From the very start of the finale, clues that Bryan Cranston's character Walter White would die on Breaking Bad were everywhere. First, there was the "live free or die" New Hampshire license plate on his car, and then the song that played as he starts up his car included the lyric "Maybe tomorrow a bullet may find me." Just as the song suggested, Walt would die of a bullet wound shortly thereafter.
He sustained the injury in the chaos at the compound where a white supremacist group was holding Jesse Pinkman (Aaron Paul) and forcing him to cook meth. In an attempt to right his wrongs with Jesse and get even with the men holding him, Walt showed up (finally) and rigged a hidden machine gun in his car trunk to go off at the push of a car key button. It killed nearly all of Jesse's captors. Jesse finished off Todd (Jesse Plemons) himself, and Walt personally shot Todd's uncle Jack (Michael Bowen). From there, Jesse climbed into a car and understandably sped away from the nightmare he'd been living. Walt, realizing that he'd been hit by one of the bullets, decided to die in the meth lab — surrounded by his beloved cooking machinery. The final shot of the show is Walt, eyes open, dead on the floor as the police arrive on scene.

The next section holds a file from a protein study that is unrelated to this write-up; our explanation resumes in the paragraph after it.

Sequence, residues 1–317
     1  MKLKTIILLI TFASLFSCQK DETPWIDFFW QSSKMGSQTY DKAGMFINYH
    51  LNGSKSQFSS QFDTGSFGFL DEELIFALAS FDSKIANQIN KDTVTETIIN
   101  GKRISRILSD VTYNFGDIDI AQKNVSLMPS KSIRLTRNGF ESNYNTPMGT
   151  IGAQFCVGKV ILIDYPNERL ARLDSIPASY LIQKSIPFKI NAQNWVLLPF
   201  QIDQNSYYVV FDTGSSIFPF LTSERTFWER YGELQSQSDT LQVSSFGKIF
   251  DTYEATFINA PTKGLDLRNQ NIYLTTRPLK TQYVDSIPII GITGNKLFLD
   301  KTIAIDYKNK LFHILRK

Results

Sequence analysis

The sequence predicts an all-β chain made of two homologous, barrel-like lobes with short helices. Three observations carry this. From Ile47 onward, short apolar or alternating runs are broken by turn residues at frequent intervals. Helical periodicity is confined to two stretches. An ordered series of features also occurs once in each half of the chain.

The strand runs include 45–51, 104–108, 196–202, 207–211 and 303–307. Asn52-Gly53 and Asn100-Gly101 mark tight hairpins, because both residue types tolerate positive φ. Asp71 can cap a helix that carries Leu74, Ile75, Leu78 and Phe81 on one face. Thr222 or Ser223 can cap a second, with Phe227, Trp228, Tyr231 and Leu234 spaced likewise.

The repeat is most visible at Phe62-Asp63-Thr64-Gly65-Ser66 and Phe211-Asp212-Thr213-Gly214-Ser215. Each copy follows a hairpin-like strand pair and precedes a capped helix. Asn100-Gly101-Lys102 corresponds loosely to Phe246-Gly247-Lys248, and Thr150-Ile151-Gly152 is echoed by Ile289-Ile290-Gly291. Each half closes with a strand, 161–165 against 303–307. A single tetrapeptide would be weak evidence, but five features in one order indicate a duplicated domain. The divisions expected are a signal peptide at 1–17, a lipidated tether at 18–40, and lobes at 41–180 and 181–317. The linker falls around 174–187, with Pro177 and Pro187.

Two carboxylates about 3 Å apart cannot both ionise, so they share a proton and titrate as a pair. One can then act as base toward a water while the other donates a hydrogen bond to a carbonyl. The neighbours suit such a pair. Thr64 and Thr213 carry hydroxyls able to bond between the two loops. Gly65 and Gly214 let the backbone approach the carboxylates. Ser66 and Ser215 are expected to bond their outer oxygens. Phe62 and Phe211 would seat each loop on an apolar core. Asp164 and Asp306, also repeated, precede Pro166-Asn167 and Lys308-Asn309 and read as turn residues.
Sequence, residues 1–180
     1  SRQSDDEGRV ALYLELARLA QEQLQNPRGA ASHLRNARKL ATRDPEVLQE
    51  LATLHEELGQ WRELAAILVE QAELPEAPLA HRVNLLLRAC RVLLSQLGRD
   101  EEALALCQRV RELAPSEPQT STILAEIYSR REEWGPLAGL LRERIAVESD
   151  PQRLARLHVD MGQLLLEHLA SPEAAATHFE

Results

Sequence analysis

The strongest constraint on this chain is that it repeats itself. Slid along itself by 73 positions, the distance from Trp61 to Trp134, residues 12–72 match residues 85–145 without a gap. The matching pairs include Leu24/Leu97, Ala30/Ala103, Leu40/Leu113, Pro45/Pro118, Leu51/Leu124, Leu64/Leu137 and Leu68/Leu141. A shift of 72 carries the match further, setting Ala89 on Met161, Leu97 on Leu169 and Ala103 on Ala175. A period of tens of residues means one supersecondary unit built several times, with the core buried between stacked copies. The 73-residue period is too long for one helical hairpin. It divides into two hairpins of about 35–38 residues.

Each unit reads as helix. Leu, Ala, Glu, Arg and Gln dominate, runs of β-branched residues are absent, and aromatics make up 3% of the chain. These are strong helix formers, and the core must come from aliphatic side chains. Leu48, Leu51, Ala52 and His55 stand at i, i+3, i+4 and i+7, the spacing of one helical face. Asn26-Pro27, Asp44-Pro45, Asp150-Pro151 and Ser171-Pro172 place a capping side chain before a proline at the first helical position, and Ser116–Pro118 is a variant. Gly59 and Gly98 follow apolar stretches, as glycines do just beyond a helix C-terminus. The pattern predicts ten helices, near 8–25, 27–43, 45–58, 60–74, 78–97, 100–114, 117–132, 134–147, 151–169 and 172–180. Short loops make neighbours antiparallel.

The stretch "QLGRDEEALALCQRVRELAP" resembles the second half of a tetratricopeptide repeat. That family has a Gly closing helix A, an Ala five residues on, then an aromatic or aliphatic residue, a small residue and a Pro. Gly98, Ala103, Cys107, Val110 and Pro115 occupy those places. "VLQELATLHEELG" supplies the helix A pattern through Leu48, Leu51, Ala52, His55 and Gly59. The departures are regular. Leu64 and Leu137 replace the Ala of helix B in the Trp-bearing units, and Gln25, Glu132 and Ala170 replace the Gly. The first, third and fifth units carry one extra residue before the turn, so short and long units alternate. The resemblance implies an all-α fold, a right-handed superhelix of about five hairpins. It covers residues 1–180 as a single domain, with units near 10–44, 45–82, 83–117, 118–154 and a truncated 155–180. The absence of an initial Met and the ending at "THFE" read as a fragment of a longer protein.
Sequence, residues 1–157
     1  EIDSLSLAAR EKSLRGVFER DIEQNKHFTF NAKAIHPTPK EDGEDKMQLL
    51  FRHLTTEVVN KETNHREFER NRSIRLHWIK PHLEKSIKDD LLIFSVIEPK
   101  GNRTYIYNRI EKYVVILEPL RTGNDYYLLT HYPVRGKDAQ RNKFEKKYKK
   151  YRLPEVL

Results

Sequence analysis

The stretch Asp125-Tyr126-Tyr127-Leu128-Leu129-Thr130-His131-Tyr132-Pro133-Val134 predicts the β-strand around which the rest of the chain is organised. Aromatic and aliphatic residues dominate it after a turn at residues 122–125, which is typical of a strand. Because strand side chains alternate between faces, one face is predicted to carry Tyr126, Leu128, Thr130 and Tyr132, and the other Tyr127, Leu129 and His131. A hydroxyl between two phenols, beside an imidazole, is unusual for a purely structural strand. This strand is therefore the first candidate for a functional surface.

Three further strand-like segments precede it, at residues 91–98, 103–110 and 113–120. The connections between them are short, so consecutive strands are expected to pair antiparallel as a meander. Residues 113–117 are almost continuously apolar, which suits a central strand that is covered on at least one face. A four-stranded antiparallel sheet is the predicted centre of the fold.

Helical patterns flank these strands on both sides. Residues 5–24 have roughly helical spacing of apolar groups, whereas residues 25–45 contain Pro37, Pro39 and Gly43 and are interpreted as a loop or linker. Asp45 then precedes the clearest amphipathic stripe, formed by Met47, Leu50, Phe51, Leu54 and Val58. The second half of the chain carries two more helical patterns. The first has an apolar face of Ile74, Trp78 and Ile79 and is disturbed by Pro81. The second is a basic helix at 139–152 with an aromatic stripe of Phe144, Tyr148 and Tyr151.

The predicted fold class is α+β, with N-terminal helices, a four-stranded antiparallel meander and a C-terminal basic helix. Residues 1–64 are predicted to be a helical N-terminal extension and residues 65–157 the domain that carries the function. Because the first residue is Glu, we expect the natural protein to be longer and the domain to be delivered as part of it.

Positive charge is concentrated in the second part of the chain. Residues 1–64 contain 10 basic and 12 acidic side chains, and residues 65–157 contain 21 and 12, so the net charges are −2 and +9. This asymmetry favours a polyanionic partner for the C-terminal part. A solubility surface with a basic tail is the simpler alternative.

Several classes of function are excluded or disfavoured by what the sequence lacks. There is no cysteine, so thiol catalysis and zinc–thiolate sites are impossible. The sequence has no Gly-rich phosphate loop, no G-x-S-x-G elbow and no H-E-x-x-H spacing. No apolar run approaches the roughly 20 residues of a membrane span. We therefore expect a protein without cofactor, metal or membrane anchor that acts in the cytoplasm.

For a long time, fans speculated that perhaps Walt wasn't dead after all. There were all kinds of theories about why his eyes were open in the scene and how it meant his character might have survived. Cranston even stoked those theories from time to time in the years after the show. “Was there a coroner's report? No. Was there a listing in the obituaries? No,” Cranston said during San Diego Comic-Con in 2018, according to the New York Post. "Maybe Walter White did get away with it."
However, as fun as the speculation might have been, the ultimate party line from both Cranston and Breaking Bad creator Vince Gilligan is that Walt is 100 percent dead. In June, Cranston talked to Entertainment Tonight about the possibility that Walt could return for the Breaking Bad movie. The actor mused that it would be a little challenging since his character's not alive. "It could be! Could be [in] a flashback, or a flash forward. I'm still dead, Walter White, I don't know what [could happen.]" And, in early October, Digital Spy reported that Gilligan confirmed Mr. White's fate on The Rich Eisen Show. "I'm gonna give you that one, Rich, because I love you so much," he said. "Yes, Walter White is dead. Yes."
The Breaking Bad movie El Camino isn't Walt's story. It picks up where the show left off with Jesse. And while a Cranston cameo via flashback would be a welcome sight for fans, it's time to accept that Walter White is dead and focus on whether or not Jesse can avoid the same fate.